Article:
Ensuring AI Safety: UK-US Bilateral Agreement on AI Testing

The UK and US have forged a groundbreaking pact aimed at collaborating on the advancement of artificial intelligence (AI) testing.

Signed on Monday, the agreement outlines a commitment to jointly develop reliable methods for assessing the safety of AI tools and their underlying systems. This marks the first bilateral agreement of its kind between the two nations.

Michelle Donelan, the UK’s tech minister, emphasized the significance of this initiative, labeling the safe development of AI as “the defining technology challenge of our generation.” She underscored the shared global responsibility in ensuring the safe evolution of AI technology.

“Only through collaborative efforts can we effectively tackle the risks associated with this technology and harness its vast potential to improve our lives,” stated the Secretary of State for Science, Innovation, and Technology.

The agreement further solidifies commitments established during the AI Safety Summit convened at Bletchley Park in November 2023. At the summit, attended by prominent figures in the AI sector including Sam Altman from OpenAI, Demis Hassabis from Google DeepMind, and tech mogul Elon Musk, both the UK and US pledged to establish AI Safety Institutes. These institutes aim to assess both open-source and closed-source AI systems.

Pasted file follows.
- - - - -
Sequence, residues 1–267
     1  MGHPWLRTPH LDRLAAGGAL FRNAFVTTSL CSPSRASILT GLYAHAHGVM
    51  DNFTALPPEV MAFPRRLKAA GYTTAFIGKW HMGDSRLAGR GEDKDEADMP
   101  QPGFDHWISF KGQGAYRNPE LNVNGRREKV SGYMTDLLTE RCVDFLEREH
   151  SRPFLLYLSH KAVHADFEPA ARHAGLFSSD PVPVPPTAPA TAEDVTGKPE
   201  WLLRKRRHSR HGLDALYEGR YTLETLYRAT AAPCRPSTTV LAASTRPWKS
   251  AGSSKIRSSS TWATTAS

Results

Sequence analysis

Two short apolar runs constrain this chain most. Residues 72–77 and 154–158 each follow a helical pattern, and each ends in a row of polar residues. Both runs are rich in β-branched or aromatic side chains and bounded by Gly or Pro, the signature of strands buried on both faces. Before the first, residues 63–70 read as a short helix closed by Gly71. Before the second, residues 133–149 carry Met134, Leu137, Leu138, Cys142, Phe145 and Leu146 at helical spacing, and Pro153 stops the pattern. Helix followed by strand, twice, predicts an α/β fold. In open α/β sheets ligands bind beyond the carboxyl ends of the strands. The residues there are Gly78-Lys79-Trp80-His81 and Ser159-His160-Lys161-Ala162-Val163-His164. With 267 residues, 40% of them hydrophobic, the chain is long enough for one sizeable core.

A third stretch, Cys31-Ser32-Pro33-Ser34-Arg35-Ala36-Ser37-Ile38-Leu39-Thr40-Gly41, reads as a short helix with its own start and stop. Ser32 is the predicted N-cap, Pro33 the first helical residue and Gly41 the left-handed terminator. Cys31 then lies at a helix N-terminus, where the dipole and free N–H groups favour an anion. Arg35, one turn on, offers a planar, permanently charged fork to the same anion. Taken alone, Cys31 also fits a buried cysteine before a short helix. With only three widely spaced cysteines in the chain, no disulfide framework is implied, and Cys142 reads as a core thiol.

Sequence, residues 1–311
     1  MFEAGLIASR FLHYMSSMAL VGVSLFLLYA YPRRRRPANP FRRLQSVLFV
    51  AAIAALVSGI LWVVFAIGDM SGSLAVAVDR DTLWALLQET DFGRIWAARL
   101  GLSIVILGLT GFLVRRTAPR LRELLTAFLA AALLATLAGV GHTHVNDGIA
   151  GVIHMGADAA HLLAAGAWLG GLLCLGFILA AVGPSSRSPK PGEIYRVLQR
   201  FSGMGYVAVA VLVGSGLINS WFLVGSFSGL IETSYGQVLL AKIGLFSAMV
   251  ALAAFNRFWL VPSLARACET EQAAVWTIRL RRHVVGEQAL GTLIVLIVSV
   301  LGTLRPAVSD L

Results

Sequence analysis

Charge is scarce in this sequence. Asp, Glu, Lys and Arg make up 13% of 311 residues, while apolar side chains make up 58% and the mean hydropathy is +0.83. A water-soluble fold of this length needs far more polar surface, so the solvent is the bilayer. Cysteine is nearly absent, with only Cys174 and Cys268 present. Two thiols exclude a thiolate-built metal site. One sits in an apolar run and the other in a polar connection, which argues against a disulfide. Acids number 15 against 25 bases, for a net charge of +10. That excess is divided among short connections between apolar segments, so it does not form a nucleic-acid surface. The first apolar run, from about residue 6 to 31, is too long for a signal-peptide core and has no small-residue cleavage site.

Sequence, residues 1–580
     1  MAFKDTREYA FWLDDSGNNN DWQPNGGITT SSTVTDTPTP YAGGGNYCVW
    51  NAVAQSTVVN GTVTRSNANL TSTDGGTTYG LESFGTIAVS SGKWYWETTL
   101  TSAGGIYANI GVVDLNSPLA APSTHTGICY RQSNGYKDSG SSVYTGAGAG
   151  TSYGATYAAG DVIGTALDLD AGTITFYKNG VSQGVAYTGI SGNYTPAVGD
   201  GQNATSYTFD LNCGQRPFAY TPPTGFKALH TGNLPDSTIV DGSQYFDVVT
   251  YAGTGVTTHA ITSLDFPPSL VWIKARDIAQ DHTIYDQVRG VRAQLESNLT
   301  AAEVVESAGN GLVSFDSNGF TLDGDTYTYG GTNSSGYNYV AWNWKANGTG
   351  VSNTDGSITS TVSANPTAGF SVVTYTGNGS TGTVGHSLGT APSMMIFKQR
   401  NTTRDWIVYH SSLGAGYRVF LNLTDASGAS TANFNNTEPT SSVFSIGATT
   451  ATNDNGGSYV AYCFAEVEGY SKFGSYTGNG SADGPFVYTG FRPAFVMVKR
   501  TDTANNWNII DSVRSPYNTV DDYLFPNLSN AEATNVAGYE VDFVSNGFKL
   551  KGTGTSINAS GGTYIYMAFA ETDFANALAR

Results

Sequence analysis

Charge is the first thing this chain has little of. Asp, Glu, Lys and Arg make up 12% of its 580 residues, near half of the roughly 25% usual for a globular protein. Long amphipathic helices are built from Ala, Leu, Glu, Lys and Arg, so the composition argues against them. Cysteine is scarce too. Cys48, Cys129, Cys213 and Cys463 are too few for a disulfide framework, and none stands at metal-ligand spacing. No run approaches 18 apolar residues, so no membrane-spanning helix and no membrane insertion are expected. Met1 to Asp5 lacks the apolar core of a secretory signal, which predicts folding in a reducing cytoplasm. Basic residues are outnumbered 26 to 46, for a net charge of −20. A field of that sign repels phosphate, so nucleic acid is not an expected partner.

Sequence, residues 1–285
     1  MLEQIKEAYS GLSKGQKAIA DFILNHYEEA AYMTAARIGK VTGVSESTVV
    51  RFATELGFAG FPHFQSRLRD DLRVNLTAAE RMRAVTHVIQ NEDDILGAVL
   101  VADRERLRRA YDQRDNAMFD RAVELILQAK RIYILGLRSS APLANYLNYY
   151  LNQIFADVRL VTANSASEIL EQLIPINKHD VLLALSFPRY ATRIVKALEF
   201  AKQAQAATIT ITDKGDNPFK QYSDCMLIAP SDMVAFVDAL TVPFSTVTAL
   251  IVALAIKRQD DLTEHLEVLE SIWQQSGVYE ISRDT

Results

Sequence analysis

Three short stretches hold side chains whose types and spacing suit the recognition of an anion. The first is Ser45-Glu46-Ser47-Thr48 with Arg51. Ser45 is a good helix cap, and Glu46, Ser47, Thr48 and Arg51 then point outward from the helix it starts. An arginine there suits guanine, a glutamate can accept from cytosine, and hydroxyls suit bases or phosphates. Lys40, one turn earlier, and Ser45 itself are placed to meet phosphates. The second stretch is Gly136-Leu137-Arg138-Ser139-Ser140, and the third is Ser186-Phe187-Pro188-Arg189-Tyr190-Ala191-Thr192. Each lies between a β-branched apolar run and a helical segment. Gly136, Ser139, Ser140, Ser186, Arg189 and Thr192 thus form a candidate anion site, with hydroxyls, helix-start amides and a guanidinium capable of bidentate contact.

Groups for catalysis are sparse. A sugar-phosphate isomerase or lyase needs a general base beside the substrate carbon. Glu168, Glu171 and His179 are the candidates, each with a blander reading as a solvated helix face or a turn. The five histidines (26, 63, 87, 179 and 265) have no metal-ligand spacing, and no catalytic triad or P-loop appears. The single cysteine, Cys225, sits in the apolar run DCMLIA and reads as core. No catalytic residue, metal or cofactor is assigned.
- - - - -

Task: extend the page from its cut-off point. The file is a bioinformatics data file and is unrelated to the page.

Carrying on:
Although there has been a relative calm in the AI safety landscape since the summit, the AI sector itself has seen remarkable activity. Intense competition persists among major AI chatbots, such as ChatGPT, Gemini, and Claude.

Currently, the vast majority of the active firms in this sphere are predominantly based in the US. While they remain open to the idea of regulation, authorities have yet to impose any restrictions on their endeavors.

Likewise, regulators have not compelled these AI firms to disclose information they may be hesitant to share, such as the specifics of the data utilized to train their tools or the environmental impact of operating them.

The EU’s AI Act is progressing towards enactment, and once enforced, it will mandate developers of certain AI systems to transparently disclose their risks and provide details about the data employed.

This is particularly significant in light of OpenAI’s recent announcement that it would not release a voice cloning tool it had developed, citing “serious risks” associated with the technology, especially during an election year.

In January, there was a notable incident involving a fabricated robocall generated by AI, falsely claiming to be from US President Joe Biden, urging voters to abstain from a primary election in New Hampshire.

At present, AI firms in both the US and UK are primarily self-regulating.

Kindly share this story:
Kindly share this story:
Share on whatsapp
Share on facebook
Share on twitter
Share on linkedin
Share on telegram
Share on facebook
Top News

Related Articles